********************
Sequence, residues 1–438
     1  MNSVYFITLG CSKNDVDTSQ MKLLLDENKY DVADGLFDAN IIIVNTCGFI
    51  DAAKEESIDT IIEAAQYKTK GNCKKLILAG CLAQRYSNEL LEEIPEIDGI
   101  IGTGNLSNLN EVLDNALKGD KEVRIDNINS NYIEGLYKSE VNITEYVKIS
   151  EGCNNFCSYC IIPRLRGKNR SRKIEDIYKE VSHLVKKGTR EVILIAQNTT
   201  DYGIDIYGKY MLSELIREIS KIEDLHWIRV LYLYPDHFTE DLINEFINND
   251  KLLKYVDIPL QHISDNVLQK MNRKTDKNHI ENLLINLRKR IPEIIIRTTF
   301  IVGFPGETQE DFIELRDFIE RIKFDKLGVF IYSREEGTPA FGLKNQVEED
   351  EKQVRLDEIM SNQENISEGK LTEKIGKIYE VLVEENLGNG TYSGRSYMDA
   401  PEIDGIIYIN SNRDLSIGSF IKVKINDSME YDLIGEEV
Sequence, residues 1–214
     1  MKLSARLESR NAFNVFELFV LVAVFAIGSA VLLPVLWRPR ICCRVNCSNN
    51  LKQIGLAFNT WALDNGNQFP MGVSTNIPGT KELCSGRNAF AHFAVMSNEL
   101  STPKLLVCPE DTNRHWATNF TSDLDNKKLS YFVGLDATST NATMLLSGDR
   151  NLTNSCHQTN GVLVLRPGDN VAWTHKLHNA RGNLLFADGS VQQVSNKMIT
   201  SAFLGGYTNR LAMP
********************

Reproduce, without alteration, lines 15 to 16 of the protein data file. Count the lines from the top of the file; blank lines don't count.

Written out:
   151  NLTNSCHQTN GVLVLRPGDN VAWTHKLHNA RGNLLFADGS VQQVSNKMIT
   201  SAFLGGYTNR LAMP